“The level of hs-cTnI in peripheral blood varies significantly between children and adults,” said Lei Chen, vice director of the laboratory at Yantai Yuhuangding Hospital. “For example, the highest hs-cTnI reference value for newborns (114.16 ng/L) was about 4.3 times for adults (26 ng/L). Physicians’ use of adult reference values for myocardial injury in assessing pediatric patients results in misdiagnosis in many children.”
Because direct determination of reference ranges in pediatric populations is difficult due to the inability to obtain enough healthy children to participate in the study, the multidisciplinary clinical care team established a reference interval for hs-cTnI in young children by mining laboratory data using the indirect Hoffmann method. The team established reference ranges of hs-cTnI corresponding to the specific age (days, months, or years) and provided this information to clinical departments through the laboratory information system.
After implementing the initiative, the safe exclusion of myocardial injury increased from 52.62% to 82.88% in patients from birth to 2 days of age, from 55.66% to 96% in patients ages 2 to 7 days, and from 59.6% to 82.59% in patients from 7 days to 2 months of age. Overall, the hospital saw an 84% reduction in the number of blood samples drawn for cardiac marker tests in neonatal and pediatric medicine departments.
Use of the new pediatric reference ranges for hs-cTnI has made a significant improvement in assessment of myocardial injury in children, Chen said. In addition, ruling out myocardial injury early in a child’s life eliminates the need for prophylactic nutritional drug therapies, which is estimated to save about $248 dollars (US) per patient.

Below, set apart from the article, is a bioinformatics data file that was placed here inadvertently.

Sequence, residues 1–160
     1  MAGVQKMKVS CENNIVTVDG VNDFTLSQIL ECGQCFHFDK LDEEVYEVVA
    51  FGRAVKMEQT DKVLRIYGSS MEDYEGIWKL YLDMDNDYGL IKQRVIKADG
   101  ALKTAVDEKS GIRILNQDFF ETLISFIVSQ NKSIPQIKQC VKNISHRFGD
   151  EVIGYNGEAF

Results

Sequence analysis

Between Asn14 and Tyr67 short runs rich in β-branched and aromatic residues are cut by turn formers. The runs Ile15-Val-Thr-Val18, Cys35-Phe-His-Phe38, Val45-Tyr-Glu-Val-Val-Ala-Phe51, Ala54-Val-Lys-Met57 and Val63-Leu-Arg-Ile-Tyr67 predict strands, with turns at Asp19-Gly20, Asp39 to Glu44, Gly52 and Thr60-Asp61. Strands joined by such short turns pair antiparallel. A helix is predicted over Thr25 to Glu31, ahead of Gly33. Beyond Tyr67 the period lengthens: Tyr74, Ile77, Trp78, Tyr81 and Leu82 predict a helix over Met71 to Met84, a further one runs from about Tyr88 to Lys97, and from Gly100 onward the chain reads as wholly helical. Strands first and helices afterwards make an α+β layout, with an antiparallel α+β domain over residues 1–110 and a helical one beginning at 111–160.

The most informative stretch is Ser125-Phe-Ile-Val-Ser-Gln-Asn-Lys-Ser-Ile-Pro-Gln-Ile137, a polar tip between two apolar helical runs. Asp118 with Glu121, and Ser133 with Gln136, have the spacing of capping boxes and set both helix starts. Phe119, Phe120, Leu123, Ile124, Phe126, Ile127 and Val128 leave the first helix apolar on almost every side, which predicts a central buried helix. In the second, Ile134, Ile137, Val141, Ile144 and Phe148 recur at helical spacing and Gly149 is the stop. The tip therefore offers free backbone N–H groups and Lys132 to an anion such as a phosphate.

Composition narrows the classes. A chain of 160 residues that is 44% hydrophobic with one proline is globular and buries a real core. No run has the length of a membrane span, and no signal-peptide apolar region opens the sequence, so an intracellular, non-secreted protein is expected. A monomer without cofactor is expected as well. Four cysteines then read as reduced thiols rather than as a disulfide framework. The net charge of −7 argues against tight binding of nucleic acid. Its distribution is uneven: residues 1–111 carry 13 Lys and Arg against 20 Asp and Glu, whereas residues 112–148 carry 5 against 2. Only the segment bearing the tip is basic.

Early Detection of Cardiovascular Risk in Blood Donors
Cardiovascular disease (CVD) is the leading cause of hospitalization and death in Italy, according to World Health Organization estimates. Current tools used for cardiac risk stratification have several advantages, but also limitations, such as general correlation to risk of heart disease, inaccurate risk prediction, cutoffs that put the majority at moderate risk, and heavy dependence on age.
Cardiac-specific biomarkers, in conjunction with clinical and diagnostic findings, can help overcome these limitations, allowing an early identification, categorization, and prediction of who is at risk of future cardiovascular events.
Considering the importance of cardiovascular risk stratification for early prevention, Villa Sofia Hospital of Palermo implemented a CVD prevention initiative involving apparently healthy individuals, starting from blood donors without history of CVD, symptoms, or known risk factors, regardless of age. Together with tests performed on blood donors, Villa Sofia Hospital also included hs-cTnI as a cardiac-specific biomarker to more accurately identify and stratify early cardiovascular risk in this asymptomatic population, explained Patrizia Carta, a laboratorian in the transfusion medicine department.
Values of hs-cTnI greater or equal to 6 ng/L for men and 4 ng/L for women, in conjunction with other diagnostic findings, identified blood donors at medium/high risk of future CVD events, triggering a follow-up visit with cardiology and further investigations with imaging diagnostics, if required. The initiative generated measurable benefits, including early identification of 89 asymptomatic individuals who were newly identified at medium/high risk of future CVD events.